Also we know of asteroid/meteor strikes…simple intelligence would indicate trying to lessen the odds of extinction, via the old method of not keeping all our “eggs” in one basket.
    Finally “excitement ” is not called for as much as competent engineering together with the cessation of the extravagant diversion of social surpluses into ever higher forms of control/death tech…that is, a simple change of spending priorities.

  11. So, were the Sixties great because we believed in a future in space, or did we believe in a future in space because of … the Sixties?

  12. CMONSOUR@12: It’d better not be over, with the way we’re using up this planet…

    MDHATTER@15: You beat me to the Bowie reference!

  13. “I, for one, am eagerly awaiting the launch of a new perfume named EAU DU MARS.”

    It smells like dirt and leaves a red stain on your neck. Ahhhhh….

  14. So what’s next on this mission’s agenda? Are they equipped to make any other interesting observations? Or is this just ‘Mission Accomplished’ and back to designing the next Mars lander?

  15. never mind water. we think cause we need water all other life forms need water! maybe other life forms are having dust bills sent with threating letters :)

  16. *runs a finger down his checklist*

    New spaceships? Confirmed. Cheers, Mr. Rutan.
    Orbit stations in dev? Confirmed. Cheers, Mr. Bigelow.
    Scads of pioneering spirit? Confirmed. Cheers, Mr. Stone.
    Fusion power on the way? Confirmed. Cheers, Dr. Bussard, and Gh0dspeed.
    Necessities of all the above on our nearest significant neighbour? Confirmed. Cheers, Phoenix.

    I’m packed. When do we leave?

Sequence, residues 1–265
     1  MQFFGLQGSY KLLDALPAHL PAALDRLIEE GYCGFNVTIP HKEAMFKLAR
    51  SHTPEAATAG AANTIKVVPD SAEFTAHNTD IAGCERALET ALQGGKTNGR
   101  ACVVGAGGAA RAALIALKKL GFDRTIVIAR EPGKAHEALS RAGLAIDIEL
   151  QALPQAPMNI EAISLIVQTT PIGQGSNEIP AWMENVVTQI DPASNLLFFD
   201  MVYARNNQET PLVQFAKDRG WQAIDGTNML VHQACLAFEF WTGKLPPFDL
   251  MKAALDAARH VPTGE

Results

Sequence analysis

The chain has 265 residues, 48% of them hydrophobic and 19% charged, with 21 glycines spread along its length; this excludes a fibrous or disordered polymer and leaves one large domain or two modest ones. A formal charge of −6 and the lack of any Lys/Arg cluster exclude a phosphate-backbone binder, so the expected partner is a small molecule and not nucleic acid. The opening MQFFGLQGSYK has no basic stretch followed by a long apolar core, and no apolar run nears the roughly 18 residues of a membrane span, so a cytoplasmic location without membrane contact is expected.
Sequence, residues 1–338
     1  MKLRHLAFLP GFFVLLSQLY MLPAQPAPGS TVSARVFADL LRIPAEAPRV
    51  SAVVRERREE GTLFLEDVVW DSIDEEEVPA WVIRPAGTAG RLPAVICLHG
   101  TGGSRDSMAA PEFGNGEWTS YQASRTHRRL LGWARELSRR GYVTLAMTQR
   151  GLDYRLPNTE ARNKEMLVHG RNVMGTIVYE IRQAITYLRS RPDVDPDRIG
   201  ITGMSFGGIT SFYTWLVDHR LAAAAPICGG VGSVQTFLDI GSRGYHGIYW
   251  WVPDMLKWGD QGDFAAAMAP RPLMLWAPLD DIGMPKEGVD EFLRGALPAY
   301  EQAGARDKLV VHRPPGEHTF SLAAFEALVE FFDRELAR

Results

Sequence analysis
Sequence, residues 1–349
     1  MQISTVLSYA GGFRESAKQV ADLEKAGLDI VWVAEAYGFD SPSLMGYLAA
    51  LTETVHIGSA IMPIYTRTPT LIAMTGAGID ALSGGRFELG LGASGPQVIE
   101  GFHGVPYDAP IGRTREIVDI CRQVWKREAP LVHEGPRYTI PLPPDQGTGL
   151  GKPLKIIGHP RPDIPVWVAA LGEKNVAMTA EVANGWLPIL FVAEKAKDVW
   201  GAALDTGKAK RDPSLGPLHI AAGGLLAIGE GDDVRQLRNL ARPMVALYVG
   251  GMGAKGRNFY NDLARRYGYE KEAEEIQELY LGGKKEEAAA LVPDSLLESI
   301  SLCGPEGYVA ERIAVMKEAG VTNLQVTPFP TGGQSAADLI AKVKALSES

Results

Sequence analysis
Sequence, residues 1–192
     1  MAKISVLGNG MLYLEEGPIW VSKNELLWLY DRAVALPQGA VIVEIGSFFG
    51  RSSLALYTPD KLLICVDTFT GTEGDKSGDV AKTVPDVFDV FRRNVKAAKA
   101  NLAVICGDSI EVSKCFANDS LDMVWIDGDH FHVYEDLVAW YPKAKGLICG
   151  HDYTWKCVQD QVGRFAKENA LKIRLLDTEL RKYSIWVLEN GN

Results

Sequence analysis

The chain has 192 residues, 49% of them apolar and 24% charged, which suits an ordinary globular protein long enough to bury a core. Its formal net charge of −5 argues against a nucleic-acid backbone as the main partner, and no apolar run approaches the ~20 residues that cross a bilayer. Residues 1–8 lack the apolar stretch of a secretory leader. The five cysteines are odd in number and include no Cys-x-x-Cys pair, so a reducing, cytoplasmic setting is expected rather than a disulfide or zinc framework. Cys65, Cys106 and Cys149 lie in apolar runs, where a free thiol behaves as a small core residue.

17. i’ve been enjoying the martian tweets, too, but every time one pops up i find myself thinking, “who composes these?” — xeni, can you use the awesome power of boing boing for more good and find out? geeky, inquiring minds what to know these things! someone deserves their 15+ minutes of fame!

  18. Anyone else ever get those moments where you think “woah, I’m living in the future!”?

    The sequence of events was: Standing in a shop, I got a text message from Twitter, opened it to see a near-realtime update on the activities of a semi-autonimous robot that’s currently on a different planet doing spectrographic analyses of its water. A few taps on my phone’s touchscreen later, I was looking at recent photos of the martian soil and reading the mission’s plans for tomorrow, while my email synched in the background. All on a hanheld and fairly inexpensive gizmo the size of a cigarette packet.

    None of this is at all out of the ordinary for the modern geek. But, seriously, if you’d described that scene to me 15 years ago I would’ve laughed at you. Every now and again I find myself stepping back, looking at the tech I play with daily and being astonished at the mini-miracles we take for granted.

    Franko: I read an interview with the author recently but, for the life of me, can’t remember where. All I can remember from it is that the author is female and a fairly high-ranking scientist/engineer who works in Phoenix’s mission control. According to the interview, the Twitter feed started as, at best, a semi-official hobby; even though it’s so popular she still writes them in her spare time.

  19. It’s not just you, Bugs. Sometimes I just wake up grinning, and don’t stop all day.

    And now, there’s water on Mars. I’m going to bed.


  20. #29: